L'éthique en comités
Journal International de Bioéthique = International Journal of Bioethics 2007 March-June; 18(1-2): 35-46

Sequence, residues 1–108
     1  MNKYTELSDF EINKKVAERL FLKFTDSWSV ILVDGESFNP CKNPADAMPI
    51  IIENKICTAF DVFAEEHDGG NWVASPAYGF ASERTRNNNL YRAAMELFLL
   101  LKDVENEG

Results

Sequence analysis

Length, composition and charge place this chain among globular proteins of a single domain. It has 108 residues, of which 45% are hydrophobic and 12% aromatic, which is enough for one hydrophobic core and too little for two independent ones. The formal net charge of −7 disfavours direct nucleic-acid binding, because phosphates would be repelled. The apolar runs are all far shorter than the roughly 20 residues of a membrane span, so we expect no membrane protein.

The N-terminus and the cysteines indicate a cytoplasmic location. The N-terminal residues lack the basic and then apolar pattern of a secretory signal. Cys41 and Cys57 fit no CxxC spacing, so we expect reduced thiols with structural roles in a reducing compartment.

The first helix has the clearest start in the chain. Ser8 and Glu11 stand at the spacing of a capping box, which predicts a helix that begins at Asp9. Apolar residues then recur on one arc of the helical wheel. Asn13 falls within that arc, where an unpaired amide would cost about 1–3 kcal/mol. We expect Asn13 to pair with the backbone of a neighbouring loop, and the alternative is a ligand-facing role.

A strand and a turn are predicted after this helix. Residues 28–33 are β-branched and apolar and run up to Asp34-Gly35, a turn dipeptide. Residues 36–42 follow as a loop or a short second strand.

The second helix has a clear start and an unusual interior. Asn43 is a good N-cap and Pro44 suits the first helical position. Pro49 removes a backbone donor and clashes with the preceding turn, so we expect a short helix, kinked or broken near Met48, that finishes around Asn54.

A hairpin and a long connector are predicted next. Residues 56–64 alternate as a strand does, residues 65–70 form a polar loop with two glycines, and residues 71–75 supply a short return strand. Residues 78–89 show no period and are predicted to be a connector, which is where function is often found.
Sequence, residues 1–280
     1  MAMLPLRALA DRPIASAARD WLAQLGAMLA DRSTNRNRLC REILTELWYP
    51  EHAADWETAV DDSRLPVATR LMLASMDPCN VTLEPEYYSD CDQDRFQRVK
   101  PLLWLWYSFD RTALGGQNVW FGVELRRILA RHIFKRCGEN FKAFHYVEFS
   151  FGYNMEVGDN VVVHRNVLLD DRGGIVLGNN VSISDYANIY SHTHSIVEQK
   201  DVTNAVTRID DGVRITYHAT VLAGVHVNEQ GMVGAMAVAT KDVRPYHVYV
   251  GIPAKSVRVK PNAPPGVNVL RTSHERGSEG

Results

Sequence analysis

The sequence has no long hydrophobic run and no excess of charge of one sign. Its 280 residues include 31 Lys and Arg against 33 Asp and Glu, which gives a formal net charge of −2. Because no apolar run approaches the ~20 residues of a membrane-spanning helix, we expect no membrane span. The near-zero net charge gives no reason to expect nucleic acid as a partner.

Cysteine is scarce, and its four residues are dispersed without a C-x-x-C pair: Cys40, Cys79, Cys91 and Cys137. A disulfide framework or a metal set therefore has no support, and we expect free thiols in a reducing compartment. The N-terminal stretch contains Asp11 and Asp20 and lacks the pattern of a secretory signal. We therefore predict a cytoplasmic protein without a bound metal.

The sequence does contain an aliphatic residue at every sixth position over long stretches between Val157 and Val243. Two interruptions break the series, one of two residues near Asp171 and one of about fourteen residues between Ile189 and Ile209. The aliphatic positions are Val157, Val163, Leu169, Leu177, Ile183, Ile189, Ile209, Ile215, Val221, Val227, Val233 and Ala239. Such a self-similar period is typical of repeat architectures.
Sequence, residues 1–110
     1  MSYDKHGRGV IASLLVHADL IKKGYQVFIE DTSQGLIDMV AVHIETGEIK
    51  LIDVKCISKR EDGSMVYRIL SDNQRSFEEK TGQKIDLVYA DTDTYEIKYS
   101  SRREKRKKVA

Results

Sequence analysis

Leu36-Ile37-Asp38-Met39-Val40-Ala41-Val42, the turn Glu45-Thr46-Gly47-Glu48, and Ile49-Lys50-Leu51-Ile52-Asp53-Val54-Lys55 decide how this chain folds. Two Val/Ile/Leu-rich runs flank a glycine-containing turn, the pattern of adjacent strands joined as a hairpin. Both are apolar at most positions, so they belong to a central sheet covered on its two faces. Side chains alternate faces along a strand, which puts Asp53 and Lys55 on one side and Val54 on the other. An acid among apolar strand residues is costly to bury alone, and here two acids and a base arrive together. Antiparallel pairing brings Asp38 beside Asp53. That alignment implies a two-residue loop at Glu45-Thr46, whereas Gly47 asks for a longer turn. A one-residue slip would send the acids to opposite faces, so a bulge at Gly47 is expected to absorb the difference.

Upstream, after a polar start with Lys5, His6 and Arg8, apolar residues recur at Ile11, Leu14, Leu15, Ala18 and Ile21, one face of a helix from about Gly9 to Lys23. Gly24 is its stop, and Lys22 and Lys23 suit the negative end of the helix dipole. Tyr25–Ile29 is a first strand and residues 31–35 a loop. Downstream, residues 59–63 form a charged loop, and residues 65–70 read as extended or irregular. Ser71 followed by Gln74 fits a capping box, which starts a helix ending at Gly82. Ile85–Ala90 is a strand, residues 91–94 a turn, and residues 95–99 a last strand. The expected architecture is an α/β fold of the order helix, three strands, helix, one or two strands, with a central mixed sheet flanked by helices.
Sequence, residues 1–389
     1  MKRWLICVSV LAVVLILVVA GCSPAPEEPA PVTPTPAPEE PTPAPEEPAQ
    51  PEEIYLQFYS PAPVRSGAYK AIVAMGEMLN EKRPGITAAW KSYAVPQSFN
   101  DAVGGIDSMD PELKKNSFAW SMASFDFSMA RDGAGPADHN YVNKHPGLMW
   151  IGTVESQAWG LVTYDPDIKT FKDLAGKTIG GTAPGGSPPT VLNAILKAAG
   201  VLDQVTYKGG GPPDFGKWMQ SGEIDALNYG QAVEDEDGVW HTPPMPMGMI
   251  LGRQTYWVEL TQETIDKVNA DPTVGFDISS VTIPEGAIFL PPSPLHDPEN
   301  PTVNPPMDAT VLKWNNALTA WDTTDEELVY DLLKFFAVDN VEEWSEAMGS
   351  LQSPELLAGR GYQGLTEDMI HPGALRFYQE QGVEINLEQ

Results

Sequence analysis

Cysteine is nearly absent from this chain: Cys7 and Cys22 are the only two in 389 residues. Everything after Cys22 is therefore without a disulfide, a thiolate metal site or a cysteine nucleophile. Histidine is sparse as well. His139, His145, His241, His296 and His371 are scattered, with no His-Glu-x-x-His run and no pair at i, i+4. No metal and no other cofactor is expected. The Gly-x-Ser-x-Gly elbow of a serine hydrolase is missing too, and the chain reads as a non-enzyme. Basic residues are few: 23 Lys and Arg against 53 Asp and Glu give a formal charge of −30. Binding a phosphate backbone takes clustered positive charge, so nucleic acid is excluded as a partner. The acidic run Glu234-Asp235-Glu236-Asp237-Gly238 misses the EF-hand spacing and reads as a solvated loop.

The management of techno-scientific and multicultural societies, open and evolving, can neither be conceived nor carried out on the basis of fundamentalist, essentialist rules that are characteristic of closed, immobile societies. Within a global civilisation, fundamentalisms are only acceptable as individual or community beliefs. Against the background of our civilisation on the chaotic road to globalisation described here, what are the methodological rules for bioethics committees? A first rule concerns the composition of the committees: it must be multidisciplinary and pluralist. The second rule concerns the distinction of types, which is less evident at a time which cultivates postmodernism. The "types" which absolutely must be distinguished are: science, ethics, morals, law, politics. The third rule concerns the concluding procedures. A majority vote procedure after information and limited discussion makes it possible to conclude easily and rapidly. But it generally seems not to be very ethical, especially if it does not allow minorities to have their divergent opinions appear among the conclusions in an explicit argued manner. The "lazy dissensus" must, however also be avoided: it consists in not really engaging the interdisciplinary, pluralist discussion, simply exposing and explaining each position, on the pretext that pluralism is respecting diversity, the freedom to believe, to think and to express oneself either each for himself or in the name of one's community or tradition. This sort of "postmodern" methodology, individualistic and communitarian to an extreme, is precariously balanced in relation to the committee's ethical vocation. It is therefore very important that an ethics committee really engages in discussion and expresses, let's say, a preference for consensus. This preference is the expression of its "ethical" nature: in this word (as in the word "moral", in fact), there is a reference to what is common, to what unites and makes social life possible. The aim of consensus, the idea that it is better to get on than to ignore each other or oppose each other; is methodologically prevalent in ethics. But on the express condition that the agreement is freely and consciously accepted. The symmetrical danger to that of "lazy dissensus" which loses sight of the aim of agreement, is "forced consensus". Pragmatic consensuses are extremely precious and even indispensable in our complex societies if we want to set up common operating rules while preserving the freedom to think and the diversity of beliefs. They also ensure that it is possible to re-open the debate: a pragmatic agreement is on a different scale from an essentialist dogma or a fundamentalist norm, which try to regulate not only behaviour but also thought.
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